Scotland says to unveil single market Brexit plan this week
Scotland will publish proposals this week for how it can remain in
the European single market after Britain leaves the European Union in
order to avoid the "national disaster" of a "hard Brexit", the Scottish
government said on Sunday.
British Prime Minister Theresa May has
said she will trigger Article 50 of the Lisbon Treaty, the formal
process of leaving the EU, by the end of March to kick off two years of
However, her plans for those negotiations have been
shrouded in secrecy and businesses and investors fear Britain might seek
a "hard Brexit" where controlling immigration takes priority over
access to the European single market.
While the United Kingdom as
a whole voted to leave the EU in the June 23 referendum, Scotland
strongly backed remaining in the bloc.
The country's devolved
nationalist government has said it wants to stay part of the EU when the
rest of the UK leaves, and on Tuesday will put forward plans for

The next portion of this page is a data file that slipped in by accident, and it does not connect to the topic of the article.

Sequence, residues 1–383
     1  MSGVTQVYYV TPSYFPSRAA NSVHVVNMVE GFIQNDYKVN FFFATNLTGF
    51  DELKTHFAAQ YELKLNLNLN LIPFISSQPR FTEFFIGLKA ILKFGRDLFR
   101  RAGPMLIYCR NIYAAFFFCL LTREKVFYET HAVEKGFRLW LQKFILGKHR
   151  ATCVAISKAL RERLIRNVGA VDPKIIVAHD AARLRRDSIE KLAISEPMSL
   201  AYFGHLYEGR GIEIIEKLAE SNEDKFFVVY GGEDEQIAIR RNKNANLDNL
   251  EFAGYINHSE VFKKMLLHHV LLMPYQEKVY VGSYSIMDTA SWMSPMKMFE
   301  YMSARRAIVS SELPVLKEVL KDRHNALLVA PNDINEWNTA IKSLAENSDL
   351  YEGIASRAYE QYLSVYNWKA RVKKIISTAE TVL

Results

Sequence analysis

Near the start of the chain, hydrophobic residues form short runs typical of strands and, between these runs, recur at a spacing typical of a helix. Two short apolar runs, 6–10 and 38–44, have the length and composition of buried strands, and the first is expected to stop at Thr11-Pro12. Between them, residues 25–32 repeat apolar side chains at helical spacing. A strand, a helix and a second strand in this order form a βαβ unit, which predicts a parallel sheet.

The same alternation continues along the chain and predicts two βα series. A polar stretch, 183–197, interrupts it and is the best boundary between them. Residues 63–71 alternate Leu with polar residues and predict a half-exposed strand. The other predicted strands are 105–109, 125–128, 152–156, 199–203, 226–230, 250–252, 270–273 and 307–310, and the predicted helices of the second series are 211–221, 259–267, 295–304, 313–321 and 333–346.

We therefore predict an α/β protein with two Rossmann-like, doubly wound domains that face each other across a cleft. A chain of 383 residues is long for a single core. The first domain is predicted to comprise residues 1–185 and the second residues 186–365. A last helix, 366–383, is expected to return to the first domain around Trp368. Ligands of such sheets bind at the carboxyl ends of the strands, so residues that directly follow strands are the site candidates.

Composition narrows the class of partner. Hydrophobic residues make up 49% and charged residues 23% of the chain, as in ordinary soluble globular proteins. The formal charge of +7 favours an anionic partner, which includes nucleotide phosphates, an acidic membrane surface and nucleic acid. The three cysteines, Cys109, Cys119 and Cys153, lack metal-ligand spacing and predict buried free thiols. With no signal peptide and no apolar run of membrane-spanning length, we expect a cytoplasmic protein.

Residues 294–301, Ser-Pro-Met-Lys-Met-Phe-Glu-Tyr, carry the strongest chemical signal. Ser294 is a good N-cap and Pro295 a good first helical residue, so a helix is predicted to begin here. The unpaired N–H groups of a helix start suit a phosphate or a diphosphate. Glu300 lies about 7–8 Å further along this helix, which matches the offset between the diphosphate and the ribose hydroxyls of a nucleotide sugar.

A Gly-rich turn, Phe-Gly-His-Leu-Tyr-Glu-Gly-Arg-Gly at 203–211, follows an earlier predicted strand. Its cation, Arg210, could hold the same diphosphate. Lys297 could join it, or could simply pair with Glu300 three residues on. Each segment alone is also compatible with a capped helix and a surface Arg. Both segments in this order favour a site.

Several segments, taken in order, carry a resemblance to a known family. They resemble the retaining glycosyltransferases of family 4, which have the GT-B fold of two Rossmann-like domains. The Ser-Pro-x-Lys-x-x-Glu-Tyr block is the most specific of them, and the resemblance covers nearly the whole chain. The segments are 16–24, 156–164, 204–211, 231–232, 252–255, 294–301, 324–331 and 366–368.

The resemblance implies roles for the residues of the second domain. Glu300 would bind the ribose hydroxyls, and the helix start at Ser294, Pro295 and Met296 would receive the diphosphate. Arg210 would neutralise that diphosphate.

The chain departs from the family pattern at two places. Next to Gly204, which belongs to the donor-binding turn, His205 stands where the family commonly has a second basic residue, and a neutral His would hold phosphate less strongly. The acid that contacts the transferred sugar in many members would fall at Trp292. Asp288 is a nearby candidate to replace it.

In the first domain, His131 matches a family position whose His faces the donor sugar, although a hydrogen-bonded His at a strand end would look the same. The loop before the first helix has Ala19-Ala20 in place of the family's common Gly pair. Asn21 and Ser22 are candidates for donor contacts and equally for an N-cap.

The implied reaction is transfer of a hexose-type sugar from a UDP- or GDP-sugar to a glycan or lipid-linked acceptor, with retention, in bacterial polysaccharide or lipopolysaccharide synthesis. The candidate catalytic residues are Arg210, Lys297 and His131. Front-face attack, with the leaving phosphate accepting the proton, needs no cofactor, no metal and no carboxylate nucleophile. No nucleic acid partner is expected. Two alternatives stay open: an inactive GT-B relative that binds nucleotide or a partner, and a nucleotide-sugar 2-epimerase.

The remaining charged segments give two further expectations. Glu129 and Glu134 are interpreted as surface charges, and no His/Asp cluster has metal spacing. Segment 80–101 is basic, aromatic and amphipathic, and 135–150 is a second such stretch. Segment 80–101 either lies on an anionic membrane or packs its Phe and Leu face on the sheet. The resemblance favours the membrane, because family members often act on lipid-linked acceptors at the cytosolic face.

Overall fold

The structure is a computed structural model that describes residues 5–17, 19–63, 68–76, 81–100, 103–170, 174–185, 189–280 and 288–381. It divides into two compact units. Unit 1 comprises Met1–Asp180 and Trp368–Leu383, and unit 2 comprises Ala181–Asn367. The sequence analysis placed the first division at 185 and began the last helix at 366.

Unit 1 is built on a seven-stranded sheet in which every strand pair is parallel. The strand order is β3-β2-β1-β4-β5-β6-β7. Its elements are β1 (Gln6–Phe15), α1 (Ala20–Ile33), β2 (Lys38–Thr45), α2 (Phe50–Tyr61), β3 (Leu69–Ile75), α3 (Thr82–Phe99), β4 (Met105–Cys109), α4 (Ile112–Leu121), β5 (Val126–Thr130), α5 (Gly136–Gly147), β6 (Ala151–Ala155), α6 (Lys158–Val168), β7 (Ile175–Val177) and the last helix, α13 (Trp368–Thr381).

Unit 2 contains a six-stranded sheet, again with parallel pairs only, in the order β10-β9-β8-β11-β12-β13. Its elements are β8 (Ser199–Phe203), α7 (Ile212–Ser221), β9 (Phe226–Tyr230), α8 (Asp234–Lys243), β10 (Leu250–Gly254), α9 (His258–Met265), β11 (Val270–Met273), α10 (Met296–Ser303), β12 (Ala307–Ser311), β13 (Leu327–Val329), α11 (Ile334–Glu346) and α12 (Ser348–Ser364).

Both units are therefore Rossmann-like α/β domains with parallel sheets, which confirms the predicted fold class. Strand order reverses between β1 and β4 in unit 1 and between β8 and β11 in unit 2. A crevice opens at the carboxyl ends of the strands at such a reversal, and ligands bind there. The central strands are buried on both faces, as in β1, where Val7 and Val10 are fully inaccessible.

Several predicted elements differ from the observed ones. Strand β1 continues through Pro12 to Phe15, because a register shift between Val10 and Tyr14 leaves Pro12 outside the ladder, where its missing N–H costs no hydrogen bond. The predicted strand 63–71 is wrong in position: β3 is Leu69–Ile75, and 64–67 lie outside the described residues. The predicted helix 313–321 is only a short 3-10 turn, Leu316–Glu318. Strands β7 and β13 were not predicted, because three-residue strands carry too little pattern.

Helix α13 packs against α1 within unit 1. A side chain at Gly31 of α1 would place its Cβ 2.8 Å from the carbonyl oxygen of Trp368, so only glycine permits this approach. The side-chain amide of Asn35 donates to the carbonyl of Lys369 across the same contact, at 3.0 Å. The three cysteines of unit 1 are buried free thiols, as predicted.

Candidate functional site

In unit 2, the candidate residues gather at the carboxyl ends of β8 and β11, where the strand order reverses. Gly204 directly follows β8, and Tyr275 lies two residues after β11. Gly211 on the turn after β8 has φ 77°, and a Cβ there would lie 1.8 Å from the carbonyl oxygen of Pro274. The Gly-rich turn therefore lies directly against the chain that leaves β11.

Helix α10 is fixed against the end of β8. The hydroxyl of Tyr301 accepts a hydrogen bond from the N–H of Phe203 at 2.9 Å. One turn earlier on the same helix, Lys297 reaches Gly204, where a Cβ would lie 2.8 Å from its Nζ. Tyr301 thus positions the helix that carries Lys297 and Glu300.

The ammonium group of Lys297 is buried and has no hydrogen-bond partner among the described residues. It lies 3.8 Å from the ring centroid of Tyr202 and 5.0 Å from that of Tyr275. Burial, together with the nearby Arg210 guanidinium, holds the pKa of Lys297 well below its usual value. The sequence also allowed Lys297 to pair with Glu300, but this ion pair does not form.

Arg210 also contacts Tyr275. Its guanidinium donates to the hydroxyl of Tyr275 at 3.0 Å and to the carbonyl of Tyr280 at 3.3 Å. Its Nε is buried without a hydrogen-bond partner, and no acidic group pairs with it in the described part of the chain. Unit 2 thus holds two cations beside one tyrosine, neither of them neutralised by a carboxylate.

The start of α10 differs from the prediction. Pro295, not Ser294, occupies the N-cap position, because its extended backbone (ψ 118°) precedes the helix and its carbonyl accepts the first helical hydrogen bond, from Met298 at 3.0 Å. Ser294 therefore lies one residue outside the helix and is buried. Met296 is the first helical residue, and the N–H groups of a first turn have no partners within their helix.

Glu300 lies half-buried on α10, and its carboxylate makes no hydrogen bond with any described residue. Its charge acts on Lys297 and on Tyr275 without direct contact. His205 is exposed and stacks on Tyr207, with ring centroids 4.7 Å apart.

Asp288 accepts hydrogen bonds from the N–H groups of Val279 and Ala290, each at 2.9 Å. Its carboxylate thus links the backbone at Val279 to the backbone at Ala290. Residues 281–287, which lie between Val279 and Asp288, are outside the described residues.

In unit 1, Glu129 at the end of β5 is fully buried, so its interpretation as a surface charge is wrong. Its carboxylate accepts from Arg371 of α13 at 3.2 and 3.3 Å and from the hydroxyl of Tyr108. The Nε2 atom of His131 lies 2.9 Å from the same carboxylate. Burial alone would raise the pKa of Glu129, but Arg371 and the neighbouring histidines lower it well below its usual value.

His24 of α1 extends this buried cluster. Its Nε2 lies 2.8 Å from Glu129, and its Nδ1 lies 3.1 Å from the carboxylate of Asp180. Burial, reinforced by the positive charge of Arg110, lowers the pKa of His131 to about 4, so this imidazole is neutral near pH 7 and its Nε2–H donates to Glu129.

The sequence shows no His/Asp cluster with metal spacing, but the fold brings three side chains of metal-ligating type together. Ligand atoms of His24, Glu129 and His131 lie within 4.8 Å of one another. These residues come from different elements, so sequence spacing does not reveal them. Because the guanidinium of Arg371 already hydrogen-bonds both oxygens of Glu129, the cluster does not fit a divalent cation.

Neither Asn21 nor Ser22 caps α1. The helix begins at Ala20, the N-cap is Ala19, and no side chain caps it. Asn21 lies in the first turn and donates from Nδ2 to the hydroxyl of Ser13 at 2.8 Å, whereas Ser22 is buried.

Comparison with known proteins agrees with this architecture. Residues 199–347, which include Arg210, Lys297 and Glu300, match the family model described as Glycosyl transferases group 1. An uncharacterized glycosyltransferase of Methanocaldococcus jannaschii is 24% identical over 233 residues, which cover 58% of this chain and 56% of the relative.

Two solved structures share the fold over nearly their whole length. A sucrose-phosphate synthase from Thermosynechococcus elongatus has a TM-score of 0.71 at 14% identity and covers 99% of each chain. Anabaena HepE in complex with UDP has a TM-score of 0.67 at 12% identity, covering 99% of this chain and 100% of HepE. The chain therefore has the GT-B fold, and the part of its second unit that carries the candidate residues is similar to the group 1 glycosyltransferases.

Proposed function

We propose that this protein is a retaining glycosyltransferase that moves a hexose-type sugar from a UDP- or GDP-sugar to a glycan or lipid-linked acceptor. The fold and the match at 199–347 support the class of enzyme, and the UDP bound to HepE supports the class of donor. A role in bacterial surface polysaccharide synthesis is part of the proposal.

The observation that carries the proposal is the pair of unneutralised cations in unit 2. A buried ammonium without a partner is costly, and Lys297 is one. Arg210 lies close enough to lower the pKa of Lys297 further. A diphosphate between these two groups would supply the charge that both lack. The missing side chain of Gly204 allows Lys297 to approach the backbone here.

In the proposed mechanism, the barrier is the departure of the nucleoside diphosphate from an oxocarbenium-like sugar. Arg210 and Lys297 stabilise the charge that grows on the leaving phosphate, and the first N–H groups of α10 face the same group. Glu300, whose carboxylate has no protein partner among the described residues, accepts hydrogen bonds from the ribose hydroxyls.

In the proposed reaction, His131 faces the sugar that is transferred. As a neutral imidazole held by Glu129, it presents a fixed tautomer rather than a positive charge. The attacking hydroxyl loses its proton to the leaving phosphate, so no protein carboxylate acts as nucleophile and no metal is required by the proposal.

remaining in the 500 million-consumer single market should that prove
"In line with our commitments to explore all options
to protect Scotland's interests, we will set out compromise proposals
which, while not conferring the full benefits of EU membership, would
mitigate the Brexit damage," said Michael Russell, the Scottish
government's minister for EU negotiations.
"At the heart of our plan is a framework to keep Scotland's place in the European Single Market."
Russell said such a plan faced "complexities" but a "hard Brexit" threatened 80,000 Scottish jobs over a decade.
Brexit - Scotland proposals for how it can remain in the single market
Later this week Scotland will publish proposals for how it can remain in Europe's single market
line with our commitments to explore all options to protect Scotland's
interests, we will set out compromise proposals which, while not
conferring the full benefits of EU membership, would mitigate the Brexit
damage," said Michael Russell, the Scottish government's minister for
EU negotiations."At the heart of our plan is a framework to keep
Scotland's place in the European Single Market."
UK's Rogers tells colleagues to challenge "muddled thinking" over Brexit
The out-going EU ambassador fires off a few words of warning 4 Jan
Ivan Rogers resigned yesterday in a surprise move that gave the pound a
wobble and in his resignation letter he has launched a stream of thinly
veiled attacks on those in the govt that he's supposed to have been
Sir Ivan's note to staff, obtained by the BBC, said:
"I hope you will continue to challenge ill-founded arguments and
muddled thinking and that you will never be afraid to speak the truth to
those in power.